The Eastern Spinebill is about 150 millimetres long including the long, narrow beak.
The head is glossy black. Chin and throat are white with rufous centre. There is a black crescent over the shoulder whilst the underparts are cinnamon-brown. The females are said to have duller plumage but we are hard pressed to tell the difference amongst the many “Spinebills” that live in our cold climate garden.
Their flight is fast and rather erratic. Their wings make a distinctive “flip-flop” sound when in flight. Their call has been described as “rapid piping”.
Eastern Spinebills feed on insects and nectar. Their beaks are ideal for extracting nectar from the tubular flowers of native plants such as correas, eremophilas and grevilleas. We often see birds hovering, like hummingbirds, as they extract nectar from flowers.
Their nest is a small cup of twigs, grass and bark combined with hair and spider’s web. Nests are usually between one and five metres from the ground. Eastern Spinebills nest every spring in both clematis and Wonga Vines on our patio only a couple of metres from our back door.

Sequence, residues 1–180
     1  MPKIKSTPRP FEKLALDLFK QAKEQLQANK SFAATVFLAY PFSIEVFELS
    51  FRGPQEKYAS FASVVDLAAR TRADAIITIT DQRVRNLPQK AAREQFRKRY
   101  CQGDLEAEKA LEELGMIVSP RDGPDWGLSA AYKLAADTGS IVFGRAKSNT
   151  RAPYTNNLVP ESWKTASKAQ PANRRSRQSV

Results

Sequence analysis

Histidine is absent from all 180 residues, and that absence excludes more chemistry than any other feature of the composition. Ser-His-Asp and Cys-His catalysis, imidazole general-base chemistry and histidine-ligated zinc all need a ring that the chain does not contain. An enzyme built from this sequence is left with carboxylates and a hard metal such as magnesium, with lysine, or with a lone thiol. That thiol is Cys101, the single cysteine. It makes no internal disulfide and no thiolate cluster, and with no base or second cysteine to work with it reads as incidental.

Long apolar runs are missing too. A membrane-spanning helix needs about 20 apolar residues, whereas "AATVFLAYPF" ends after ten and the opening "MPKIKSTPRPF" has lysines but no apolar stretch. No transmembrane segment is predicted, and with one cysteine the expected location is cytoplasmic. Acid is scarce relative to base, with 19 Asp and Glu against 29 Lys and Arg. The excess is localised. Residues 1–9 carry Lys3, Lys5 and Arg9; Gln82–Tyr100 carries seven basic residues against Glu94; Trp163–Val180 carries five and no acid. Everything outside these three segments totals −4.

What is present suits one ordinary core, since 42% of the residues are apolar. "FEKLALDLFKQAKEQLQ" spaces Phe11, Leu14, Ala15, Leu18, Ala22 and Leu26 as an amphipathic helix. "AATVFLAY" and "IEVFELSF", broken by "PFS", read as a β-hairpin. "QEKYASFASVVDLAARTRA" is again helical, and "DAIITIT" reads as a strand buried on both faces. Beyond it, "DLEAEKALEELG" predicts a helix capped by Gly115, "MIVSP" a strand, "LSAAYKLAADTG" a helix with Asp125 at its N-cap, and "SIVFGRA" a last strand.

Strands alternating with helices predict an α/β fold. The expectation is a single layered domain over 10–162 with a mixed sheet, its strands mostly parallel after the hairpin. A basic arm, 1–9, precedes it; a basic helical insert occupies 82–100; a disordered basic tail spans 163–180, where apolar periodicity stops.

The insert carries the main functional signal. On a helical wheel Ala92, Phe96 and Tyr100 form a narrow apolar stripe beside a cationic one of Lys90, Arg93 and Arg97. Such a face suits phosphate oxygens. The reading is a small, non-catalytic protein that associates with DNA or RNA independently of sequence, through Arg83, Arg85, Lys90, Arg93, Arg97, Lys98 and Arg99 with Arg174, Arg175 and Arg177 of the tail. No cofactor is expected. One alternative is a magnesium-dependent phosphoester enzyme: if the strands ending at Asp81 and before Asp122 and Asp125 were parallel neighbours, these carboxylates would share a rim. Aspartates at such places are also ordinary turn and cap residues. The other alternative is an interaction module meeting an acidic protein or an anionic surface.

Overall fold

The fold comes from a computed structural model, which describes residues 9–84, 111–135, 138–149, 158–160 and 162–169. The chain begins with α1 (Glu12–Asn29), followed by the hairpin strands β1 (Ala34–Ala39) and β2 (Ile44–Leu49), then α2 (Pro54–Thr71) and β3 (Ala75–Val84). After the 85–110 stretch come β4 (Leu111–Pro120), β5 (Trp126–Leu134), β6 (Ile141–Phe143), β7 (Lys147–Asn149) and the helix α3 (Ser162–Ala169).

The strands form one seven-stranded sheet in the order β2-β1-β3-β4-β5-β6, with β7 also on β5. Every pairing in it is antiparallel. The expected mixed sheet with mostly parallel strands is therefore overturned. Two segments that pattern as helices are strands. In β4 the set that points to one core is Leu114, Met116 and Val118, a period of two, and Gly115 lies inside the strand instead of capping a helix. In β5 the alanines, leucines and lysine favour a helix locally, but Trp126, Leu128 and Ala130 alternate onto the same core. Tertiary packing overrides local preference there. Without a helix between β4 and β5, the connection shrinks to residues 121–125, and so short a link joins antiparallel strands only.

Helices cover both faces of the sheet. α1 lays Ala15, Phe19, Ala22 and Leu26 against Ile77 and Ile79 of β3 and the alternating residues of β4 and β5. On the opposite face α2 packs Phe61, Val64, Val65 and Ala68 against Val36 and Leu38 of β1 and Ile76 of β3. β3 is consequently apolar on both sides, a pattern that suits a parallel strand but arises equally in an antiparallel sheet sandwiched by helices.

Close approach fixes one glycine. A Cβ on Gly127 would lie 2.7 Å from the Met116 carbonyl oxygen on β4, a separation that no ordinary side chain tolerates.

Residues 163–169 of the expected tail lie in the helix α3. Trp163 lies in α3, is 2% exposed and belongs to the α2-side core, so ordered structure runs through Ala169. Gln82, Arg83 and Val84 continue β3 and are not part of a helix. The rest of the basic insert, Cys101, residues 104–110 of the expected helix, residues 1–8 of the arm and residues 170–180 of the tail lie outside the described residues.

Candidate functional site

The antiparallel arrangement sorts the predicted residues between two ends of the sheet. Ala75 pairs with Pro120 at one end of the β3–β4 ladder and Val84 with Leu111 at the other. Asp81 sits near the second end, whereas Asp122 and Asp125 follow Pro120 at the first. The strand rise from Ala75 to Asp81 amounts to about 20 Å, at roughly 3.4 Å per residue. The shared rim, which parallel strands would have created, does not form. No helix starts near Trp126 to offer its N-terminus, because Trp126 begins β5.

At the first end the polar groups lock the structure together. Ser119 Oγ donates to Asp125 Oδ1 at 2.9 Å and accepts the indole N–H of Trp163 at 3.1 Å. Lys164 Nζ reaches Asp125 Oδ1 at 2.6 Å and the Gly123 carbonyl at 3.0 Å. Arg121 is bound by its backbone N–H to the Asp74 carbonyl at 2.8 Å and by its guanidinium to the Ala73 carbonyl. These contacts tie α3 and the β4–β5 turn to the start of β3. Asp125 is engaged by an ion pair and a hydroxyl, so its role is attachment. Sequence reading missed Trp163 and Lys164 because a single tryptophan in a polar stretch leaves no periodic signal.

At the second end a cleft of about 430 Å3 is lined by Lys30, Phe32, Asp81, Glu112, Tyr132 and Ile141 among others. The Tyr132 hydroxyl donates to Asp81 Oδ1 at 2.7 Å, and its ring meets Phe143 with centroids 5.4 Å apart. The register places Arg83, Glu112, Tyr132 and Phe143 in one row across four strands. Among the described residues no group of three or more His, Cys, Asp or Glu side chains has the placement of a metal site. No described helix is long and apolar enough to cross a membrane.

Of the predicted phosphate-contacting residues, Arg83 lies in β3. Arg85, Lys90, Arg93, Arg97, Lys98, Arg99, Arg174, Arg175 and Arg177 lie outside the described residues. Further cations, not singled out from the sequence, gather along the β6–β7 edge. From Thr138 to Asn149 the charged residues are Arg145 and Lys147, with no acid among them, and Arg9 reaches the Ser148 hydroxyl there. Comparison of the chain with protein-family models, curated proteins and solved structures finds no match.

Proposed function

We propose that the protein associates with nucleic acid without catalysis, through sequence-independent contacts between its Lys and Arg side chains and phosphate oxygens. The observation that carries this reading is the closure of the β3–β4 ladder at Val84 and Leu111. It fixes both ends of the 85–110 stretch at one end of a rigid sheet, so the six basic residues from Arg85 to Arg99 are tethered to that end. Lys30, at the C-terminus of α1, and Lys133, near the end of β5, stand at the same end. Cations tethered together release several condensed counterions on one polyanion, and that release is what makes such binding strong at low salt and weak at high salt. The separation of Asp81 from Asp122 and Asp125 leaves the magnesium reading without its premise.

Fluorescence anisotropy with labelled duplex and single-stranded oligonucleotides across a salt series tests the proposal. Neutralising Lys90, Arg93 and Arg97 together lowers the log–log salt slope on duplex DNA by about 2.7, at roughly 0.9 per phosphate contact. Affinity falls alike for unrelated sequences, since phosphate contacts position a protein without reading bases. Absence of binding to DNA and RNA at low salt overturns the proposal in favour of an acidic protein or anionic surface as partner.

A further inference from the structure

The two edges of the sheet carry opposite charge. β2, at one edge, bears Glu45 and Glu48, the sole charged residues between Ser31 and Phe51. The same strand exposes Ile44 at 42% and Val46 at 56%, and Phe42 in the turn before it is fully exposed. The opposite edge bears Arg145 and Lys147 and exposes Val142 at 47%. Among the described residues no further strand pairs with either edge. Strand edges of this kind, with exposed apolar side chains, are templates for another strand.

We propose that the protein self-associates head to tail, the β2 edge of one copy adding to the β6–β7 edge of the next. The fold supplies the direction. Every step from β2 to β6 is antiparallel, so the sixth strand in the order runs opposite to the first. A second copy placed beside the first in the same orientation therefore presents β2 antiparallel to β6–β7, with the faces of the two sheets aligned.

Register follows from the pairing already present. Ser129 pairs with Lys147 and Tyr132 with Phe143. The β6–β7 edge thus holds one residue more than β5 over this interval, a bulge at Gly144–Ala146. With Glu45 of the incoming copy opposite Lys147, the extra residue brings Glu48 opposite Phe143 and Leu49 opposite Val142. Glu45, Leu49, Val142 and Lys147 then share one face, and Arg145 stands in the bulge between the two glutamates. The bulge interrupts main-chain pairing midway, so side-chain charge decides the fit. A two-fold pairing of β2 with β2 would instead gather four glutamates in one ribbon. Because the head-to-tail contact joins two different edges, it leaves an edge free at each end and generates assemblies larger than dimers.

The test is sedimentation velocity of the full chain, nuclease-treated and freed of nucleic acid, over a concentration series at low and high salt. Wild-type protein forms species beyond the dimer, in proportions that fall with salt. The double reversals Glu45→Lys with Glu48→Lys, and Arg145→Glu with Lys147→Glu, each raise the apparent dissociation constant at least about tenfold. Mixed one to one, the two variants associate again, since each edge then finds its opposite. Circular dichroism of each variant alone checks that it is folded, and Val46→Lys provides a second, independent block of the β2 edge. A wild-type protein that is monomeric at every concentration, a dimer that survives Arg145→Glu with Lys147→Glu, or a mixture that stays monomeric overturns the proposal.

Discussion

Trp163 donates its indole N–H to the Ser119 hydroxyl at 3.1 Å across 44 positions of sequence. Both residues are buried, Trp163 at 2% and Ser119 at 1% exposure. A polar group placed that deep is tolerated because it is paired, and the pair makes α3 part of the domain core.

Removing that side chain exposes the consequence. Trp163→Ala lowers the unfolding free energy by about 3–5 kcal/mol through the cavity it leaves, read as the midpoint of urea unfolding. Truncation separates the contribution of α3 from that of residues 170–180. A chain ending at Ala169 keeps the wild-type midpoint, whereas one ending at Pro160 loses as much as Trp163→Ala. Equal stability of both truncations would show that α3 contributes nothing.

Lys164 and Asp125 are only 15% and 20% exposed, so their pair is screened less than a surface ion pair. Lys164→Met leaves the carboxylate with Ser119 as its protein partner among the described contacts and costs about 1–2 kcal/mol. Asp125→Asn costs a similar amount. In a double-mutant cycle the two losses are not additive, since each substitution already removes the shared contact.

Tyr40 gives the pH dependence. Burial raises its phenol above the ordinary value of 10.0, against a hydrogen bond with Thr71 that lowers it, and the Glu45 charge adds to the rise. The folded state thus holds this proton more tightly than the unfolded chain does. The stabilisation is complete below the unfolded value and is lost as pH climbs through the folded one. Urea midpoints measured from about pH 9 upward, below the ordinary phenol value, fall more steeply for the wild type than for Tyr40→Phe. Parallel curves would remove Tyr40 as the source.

Eastern Spinebills are found on and east of the Great Dividing Range from northern Queensland to the Flinders Ranges in South Australia.
When we first moved to our property, Yallaroo, there were no Eastern Spinebills, in fact there were no small birds at all. This was because there was no shrub understorey. As the garden developed ‘Spinebills’ began arriving. Our first sighting was a cause for celebration. Since then the gardens have played host to at least ten individuals at a time. They were the forerunners of all the resident small birds that make living such a pleasure in our cold climate garden.
There is a Western Spinebill that is found in the southwest corner of Western Australia. In this species, the male retains the colourful plumage whilst the female has drab, rather uniform colouring.